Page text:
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Lecture 1. Advance Topics in Networking. Lecture 1: Introduction. Course Goals Course Topics Student Introduction Research Paper Review Hints on Reading a Paper Reviewers Guidelines Paper Review Guidelines First Papers: For this week. Course Goals.

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Lecture 1
Lecture 1

Advance Topics in Networking

Lecture 1 introduction
Lecture 1: Introduction

  • Course Goals

  • Course Topics

  • Student Introduction

  • Research Paper Review

  • Hints on Reading a Paper

  • Reviewers Guidelines

  • Paper Review Guidelines

  • First Papers: For this week

Course goals
Course Goals

  • Critical examination of current topics in networking

    • What assumptions are no longer valid

    • What are new research problems to look at

  • Understanding solutions in context

    • Goals

    • Assumptions

  • Learn how to do research

    • Paper review, writing and presentation

  • Appreciate what is good research

    • Problem selection

    • Solution and Research Methodology

    • Presentation

  • Apply what you learn in this class

Course topics
Course Topics

  • Intranet / internet routing

  • Traffic engineering

  • Network diagnosis and rectification

  • Network Host Security

  • Network Anomaly Detection

  • Network Traffic Classification

  • Peer to Peer Networks

  • Privacy and anonymity

  • Network measurement

  • Future directions in Internet architecture

  • Cellular Networks

  • Ad hoc and Infrastructure Networks

Student introduction
Student Introduction

  • Please introduce yourself

    • Name, research area, …

  • Say a few words about what you like to learn about networking

    • Email me if there is any other specific topic not already included in the topics slide to be covered in this class

  • What you think are “un-solved” problems in computer networks

  • What kind of help is required for writing your own research papers

  • How many students can group together for presentations, projects and research groups

  • How can we help in your research

Research paper review
Research Paper Review

  • Read at least one or two papers on the subject for writing good reviews.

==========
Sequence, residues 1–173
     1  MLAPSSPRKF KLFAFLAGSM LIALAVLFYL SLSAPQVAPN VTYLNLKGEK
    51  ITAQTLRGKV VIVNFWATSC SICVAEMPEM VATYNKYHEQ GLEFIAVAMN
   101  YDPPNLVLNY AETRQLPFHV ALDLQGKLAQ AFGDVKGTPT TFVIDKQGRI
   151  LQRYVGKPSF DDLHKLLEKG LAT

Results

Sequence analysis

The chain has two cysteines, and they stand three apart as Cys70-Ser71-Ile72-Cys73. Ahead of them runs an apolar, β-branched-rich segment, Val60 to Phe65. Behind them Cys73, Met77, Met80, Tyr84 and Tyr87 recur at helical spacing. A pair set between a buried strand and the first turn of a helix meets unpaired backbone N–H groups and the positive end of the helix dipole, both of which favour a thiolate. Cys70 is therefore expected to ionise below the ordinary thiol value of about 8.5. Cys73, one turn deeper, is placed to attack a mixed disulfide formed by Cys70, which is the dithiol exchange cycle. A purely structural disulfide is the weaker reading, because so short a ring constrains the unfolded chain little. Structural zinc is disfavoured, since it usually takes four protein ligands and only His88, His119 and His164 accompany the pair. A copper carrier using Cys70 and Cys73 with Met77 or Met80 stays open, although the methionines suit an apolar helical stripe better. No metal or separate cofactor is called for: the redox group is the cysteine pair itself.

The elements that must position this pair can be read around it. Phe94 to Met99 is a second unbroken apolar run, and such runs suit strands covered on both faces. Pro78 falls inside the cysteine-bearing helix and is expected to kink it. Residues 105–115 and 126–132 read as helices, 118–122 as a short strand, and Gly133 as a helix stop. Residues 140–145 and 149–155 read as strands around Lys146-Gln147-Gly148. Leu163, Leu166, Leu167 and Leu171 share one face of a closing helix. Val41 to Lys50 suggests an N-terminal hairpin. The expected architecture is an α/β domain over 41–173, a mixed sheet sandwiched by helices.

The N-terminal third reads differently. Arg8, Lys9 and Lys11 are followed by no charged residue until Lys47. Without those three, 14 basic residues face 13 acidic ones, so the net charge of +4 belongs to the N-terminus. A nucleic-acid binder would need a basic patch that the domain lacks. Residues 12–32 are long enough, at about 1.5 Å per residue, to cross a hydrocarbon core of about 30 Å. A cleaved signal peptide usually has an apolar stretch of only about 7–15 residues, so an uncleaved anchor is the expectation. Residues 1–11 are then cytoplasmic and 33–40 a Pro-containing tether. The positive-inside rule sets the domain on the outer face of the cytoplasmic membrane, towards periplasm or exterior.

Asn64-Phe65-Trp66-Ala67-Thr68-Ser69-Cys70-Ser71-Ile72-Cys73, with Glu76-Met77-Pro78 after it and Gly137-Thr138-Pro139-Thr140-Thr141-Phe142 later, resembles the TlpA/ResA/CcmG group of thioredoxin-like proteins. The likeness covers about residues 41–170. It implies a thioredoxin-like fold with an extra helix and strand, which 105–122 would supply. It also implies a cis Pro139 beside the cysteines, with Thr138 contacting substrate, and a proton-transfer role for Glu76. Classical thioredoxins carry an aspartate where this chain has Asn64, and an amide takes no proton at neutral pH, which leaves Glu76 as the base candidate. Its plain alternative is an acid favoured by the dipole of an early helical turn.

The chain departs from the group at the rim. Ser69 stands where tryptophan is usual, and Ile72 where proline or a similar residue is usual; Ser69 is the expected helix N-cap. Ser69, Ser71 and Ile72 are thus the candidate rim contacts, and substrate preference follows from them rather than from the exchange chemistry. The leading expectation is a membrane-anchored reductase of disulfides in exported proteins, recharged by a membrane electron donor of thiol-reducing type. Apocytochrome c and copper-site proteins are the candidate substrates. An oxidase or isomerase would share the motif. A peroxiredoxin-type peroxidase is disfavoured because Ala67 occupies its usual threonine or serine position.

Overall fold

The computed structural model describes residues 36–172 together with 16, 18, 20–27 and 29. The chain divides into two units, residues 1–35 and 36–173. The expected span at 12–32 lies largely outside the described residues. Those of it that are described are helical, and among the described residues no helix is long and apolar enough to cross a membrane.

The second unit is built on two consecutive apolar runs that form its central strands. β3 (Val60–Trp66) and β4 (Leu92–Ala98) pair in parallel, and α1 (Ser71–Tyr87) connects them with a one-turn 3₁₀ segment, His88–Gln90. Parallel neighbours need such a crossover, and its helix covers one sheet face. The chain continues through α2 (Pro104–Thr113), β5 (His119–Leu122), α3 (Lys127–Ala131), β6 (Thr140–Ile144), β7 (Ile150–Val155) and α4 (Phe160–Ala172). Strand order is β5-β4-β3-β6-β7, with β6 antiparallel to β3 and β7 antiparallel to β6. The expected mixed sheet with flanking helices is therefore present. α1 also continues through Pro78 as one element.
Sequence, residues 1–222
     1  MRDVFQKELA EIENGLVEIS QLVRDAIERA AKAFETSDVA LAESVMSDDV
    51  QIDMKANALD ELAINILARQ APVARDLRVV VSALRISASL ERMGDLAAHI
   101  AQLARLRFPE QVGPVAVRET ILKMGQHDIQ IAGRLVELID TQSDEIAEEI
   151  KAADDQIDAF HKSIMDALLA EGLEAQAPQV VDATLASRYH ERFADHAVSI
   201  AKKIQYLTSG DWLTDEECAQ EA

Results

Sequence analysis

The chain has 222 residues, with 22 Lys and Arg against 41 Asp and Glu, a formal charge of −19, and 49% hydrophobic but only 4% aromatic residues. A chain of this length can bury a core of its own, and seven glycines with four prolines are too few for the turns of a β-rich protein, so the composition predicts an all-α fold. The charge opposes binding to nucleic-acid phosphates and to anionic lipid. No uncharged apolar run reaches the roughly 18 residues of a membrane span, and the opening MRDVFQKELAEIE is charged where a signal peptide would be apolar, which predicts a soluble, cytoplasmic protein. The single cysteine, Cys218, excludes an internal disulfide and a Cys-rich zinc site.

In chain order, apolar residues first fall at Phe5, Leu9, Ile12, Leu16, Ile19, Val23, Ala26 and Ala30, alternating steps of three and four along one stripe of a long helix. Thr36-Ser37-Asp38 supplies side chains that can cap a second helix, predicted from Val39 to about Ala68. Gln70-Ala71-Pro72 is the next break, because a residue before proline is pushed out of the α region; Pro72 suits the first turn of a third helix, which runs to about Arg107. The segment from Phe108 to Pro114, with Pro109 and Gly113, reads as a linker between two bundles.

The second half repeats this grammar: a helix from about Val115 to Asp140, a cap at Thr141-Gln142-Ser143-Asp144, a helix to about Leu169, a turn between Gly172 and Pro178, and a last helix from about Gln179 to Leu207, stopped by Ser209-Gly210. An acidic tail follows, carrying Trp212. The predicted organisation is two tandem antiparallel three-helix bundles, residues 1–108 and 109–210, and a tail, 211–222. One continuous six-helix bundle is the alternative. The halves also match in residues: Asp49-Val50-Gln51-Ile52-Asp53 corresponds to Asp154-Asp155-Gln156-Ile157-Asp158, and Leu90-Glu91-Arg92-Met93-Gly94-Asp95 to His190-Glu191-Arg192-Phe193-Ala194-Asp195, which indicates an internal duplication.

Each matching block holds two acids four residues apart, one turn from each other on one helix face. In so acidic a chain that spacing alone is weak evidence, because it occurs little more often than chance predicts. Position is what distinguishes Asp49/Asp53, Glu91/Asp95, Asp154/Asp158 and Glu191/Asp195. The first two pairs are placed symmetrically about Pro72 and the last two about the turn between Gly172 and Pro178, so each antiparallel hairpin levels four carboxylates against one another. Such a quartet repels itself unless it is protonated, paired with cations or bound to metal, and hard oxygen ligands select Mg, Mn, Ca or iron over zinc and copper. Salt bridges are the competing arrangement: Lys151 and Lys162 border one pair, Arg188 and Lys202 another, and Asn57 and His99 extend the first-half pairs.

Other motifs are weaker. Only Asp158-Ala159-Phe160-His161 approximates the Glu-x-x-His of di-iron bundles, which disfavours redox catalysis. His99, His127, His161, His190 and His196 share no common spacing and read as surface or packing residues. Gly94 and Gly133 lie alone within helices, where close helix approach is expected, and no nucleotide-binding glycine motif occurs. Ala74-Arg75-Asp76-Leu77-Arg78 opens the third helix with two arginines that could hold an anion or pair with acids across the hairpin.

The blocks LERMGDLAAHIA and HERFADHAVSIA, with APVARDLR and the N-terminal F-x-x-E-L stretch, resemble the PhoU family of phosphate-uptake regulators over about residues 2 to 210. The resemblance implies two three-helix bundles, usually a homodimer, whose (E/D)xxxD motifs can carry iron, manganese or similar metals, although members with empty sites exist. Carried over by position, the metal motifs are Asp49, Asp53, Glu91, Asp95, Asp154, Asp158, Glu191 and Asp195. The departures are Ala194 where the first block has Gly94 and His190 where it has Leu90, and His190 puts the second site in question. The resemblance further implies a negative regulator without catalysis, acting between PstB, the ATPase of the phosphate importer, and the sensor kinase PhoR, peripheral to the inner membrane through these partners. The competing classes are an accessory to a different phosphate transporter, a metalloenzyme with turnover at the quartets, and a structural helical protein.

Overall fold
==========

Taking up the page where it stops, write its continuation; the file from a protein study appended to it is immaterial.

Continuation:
• Read some of the associated literature (by following some of the citations provided in the paper).

  • You are free to pick a review format, but a common format is as follows.

    • First, summarize what you understood of the paper in 1-2 paragraphs.

    • Then, point out what you liked about the paper.

    • After that, discuss the main flaws (if any) that you found in the paper.

    • Follow it with detailed suggestions for improving the paper (e.g. suggest experiments, other approaches to consider, better ways to present data etc.).

Hints on reading a paper
Hints on Reading a Paper

  • Three stage approach

    • Read quickly in 5-10minutes

    • Read with greater care; ignore proofs

    • Deconstruct paper; question all assumptions

Stage 1 5 10 minute read
Stage 1: 5-10 minute read

  • Read title, abstract, introduction, section headings, conclusion, reference list.

  • Look for “5 C’s”

    • Category: What type of paper is it?

    • Context: Where does it fit in?

    • Correctness: Do assumptions make sense?

    • Contributions: What are the main ones?

    • Clarity: Is it well-written?

Stage 2 read with care
Stage 2: Read with Care

  • Spend about an hour re/reading paper in detail

  • Try to understand the “story”

  • Summarize the main concepts

  • Identify main supporting evidence

Stage 3 deconstruct the paper
Stage 3: Deconstruct the paper

  • This can take one or more hours

  • Understand every proof

  • Question every assumption

  • Identify missing references

  • Why was the paper written this way?

  • How else could the paper have been written?

Reviewers guidelines
Reviewers Guidelines

  • Paper reviews should be submitted at the beginning of every class in hardcopies.

  • If you cannot attend the class, please email your review to adeel@uettaxila.edu.pk

  • Cell: 0334-5488-733

  • Proxy: web.uettaxila.edu.pk

  • Port: 8765

  • Login: guest1 Pass: guest1

  • http://web.uettaxila.edu.pk/cms/msATNau09/

Paper review guidelines
Paper Review Guidelines

  • Paper Summary (3-5 sentences)

  • What are the major problem(s) or issue(s) addressed by the paper?

  • Are they important and/or interesting?

  • Why?*

  • What are the main results of this paper?

  • Are they useful or significant?

  • Will anyone benefit from it?

  • Will it be used by others in their research?

  • Does it open up new areas or resolve an important open issue?

Paper review guidelines1
Paper Review Guidelines

  • What is the approach/methodology in this paper?

  • Comment on its degree of novelty, creativity, and technical depth.